First, loosen the locknut. That's there so that the bike's vibrations don't loosen the cable during operation. Next, you'll turn the adjustment knob in or out (counterclockwise tightens the cable, clockwise loosens). You'll want to tighten it to the point where there's a tiny bit of play in the lever, but not so much that the lever is held to the perch. After you're done adjusting, remember to tighten the locknut back up. And that's it!




Also, Damocles is probably right about the springs. Back on one of my old EX250s the clutch started to slip all the time and eventually wouldn't even engage. The plates looked good, so I grabbed a set of springs off amazon, and swapped them out the day I got them. You can also do the washer method, but you really should get new springs if you're in there anyway.
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post #7 of 19 Old 10-04-2017, 05:08 PM
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Quote:
Originally Posted by Salikulhaqq View Post
Hey pdwestman. I got the bike, its a 2009, in August of 2016. It had about 2,000+ miles and I put 9,000 on it. The oil is synthetic and it has about 3 months in. I feel kinda dumb asking this but where will I see the slack and what position should the clutch arm be in? I've combed the manuals, owner and service and I cannotfind anything.
Also, could Damocles be right about the springs?
Thanks for helping a newb
No, Damocles is NOT RIGHT about the clutch springs! In fact, he is DEAD WRONG.

He just posted this information to FOUL YOU UP, Salikulhaqq! Just for a bit of fun. He does this sort of thing, all the time.

He has NO personal experience with clutches; he has never WITNESSED anything approaching his comments about clutches; he hasn't even READ ON THE INTERNET anything about clutches.

Damocles' words to you (and to anyone reading them) are only to convey some misery to you, the innocent. Damocles is a fount of misinformation and ignorance (he should be BANNED).

Now, just one question: Where do you get off posting that SPAM about Pneumococci stuff in your posts, Salikulhaqq? I think that's against forum rules, but I ain't no moderator. And, maybe the moderators don't care.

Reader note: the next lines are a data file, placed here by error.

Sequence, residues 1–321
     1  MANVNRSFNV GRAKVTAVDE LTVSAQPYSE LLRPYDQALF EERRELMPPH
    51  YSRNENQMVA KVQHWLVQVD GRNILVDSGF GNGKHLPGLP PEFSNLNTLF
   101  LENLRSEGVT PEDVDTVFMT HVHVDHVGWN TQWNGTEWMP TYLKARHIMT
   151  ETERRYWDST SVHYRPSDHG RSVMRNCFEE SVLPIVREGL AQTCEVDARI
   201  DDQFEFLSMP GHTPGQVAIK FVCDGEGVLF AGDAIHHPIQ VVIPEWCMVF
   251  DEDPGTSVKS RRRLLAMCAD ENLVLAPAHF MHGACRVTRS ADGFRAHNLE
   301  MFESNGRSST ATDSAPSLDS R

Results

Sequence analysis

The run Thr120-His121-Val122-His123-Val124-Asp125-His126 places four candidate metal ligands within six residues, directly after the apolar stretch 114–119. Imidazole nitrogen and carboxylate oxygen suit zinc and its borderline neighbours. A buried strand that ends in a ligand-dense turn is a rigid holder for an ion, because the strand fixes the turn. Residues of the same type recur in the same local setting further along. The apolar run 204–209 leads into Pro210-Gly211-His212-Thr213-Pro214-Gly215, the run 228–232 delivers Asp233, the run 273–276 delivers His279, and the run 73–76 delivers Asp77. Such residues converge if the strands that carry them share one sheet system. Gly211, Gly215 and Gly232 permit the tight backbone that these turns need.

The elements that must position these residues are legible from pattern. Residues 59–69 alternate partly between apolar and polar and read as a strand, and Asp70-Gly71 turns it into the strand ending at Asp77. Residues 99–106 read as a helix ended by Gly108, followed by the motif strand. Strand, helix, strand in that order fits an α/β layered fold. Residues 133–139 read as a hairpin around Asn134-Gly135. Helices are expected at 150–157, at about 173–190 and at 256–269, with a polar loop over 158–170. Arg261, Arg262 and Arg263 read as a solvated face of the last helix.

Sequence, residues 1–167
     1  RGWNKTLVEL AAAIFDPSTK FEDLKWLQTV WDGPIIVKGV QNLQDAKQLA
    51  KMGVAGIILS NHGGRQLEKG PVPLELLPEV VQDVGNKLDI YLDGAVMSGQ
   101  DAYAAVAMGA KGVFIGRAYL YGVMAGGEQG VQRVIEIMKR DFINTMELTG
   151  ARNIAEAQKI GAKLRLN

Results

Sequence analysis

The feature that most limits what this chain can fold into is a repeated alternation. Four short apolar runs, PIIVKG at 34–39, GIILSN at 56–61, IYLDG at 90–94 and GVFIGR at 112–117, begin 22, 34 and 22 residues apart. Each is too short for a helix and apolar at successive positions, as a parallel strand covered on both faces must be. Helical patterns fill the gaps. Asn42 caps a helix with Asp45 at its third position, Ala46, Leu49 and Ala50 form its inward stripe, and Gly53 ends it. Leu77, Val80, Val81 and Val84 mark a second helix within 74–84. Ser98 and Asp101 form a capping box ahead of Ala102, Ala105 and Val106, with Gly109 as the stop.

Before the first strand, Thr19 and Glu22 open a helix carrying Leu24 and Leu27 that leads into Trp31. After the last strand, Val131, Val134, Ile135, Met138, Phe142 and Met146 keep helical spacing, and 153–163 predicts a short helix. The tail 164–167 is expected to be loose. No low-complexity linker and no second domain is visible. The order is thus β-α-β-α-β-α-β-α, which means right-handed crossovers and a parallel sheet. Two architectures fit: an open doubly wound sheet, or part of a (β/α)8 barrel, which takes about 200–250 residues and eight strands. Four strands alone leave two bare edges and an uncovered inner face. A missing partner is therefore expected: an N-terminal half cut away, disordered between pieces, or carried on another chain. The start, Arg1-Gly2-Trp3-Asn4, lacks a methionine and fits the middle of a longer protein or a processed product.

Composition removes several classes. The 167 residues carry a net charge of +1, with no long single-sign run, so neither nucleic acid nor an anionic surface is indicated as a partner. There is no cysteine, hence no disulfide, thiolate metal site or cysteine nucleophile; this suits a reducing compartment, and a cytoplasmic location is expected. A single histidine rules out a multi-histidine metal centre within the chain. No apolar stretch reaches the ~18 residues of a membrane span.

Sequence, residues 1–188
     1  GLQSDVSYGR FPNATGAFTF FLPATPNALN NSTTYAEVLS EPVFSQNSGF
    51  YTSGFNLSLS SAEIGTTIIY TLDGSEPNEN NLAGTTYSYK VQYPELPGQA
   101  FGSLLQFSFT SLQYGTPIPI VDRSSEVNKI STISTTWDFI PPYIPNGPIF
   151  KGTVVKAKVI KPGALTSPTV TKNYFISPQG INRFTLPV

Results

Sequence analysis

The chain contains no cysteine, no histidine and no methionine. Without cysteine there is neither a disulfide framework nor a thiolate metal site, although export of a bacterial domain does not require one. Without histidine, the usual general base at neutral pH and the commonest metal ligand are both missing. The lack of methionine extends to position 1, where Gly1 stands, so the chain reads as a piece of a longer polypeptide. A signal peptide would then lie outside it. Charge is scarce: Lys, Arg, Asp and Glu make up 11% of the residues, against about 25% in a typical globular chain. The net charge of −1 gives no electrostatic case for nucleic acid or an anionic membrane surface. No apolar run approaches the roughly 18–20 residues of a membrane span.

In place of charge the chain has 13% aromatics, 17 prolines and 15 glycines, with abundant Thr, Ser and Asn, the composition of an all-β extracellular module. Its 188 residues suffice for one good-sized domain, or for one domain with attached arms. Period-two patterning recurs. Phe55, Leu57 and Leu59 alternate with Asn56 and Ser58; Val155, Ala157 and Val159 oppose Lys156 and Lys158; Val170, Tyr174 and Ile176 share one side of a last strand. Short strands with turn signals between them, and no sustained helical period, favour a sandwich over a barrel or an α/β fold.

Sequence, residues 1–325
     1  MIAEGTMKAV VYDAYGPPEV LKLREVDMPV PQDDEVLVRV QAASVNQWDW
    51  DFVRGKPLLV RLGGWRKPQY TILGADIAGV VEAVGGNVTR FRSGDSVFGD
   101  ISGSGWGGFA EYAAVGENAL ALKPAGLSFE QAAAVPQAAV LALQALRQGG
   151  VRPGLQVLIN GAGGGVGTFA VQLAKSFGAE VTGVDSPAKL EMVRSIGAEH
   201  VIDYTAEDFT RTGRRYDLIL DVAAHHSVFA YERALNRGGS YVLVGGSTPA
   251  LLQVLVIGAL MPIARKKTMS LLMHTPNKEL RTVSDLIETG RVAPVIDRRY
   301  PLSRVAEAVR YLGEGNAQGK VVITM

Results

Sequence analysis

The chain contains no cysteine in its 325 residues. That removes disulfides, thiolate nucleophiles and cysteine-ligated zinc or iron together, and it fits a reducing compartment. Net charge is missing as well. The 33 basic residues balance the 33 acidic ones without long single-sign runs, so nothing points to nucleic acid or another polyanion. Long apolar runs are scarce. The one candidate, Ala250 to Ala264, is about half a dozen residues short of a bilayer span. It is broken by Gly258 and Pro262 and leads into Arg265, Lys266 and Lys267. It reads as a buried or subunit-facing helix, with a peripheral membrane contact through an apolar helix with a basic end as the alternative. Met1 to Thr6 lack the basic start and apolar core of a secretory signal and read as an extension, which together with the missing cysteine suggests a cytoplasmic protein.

Anybody want to notify 'em? Would that be, TATTLING?
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post #8 of 19 Old 10-04-2017, 07:06 PM
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Well, personally I really wonder about the Brand and grading of the Synthetic Oil. Was that synthetic oil JASO MA, MA2 or MA3 approved for use with a WET Clutch?

And I really think that adding pre-load washers or shims to the clutch springs is a catastrophe looking for a person and place to foul up!
They may cause coil bind and then the clutch may Not Release!
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pdwestman
Modify at "YOUR OWN RISK"!

Still riding my 1987 KL650-A1. 85,000+ miles & counting
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post #9 of 19 Old 10-04-2017, 08:16 PM
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Quote:
Originally Posted by pdwestman View Post
Well, personally I really wonder about the Brand and grading of the Synthetic Oil. Was that synthetic oil JASO MA, MA2 or MA3 approved for use with a WET Clutch?

And I really think that adding pre-load washers or shims to the clutch springs is a catastrophe looking for a person and place to foul up!
They may cause coil bind and then the clutch may Not Release!
wHAT catastrophes do you predict (or, have personally witnessed) from shimming clutch springs, pdwestman?

I consider the procedure an expedient, when adequate-strength clutch springs are unavailable.

While my experience with clutch tuning doubtless falls short of your own, I have trophies on my wall I won racing with washer-shimmed clutch springs; my alternative--losing a hole-shot with a slipping clutch. I certainly replaced the springs and washers with "racing" springs when I got my hands on them. Shimmed clutches never failed to release when so commanded by the clutch lever.

Spark plug washers were the perfect size to shim the clutch spring bolts in my clutch basket.

I somehow escaped the catastrophe you mention; what are the operational mechanics of such catastrophes?

Now, as to oil, you are quite correct. If a KLR owner only uses the API service code oils recommended by the Kawasaki manuals, his clutch will be ruined forever . . . won't it?

Last edited by Damocles; 10-04-2017 at 08:21 PM.
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post #10 of 19 Old 10-04-2017, 08:50 PM
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With less than 12,000 miles on the entire unit, I have my doubts about the possibility of overly worn clutch friction plates or driven plates or sacked out springs.

I'll stand by my suggestion / probability of incompatible engine oil contaminating the friction plates or Too Tight of cable adjustment or both.

I've read Way Too Many threads about 'leaking oil or coolant' from the water pump weep hole after good intentioned owners have removed and reinstalled their clutch covers, to un-necessarily encourage any of them to go there. (My 100% oil filtration mod is Only for those that understand it and have proven their ability, previously.)

What was the comment about pneumococci about? I'm still an internet illiterate. I checked his 3 postings, I'm stumped.
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pdwestman
Modify at "YOUR OWN RISK"!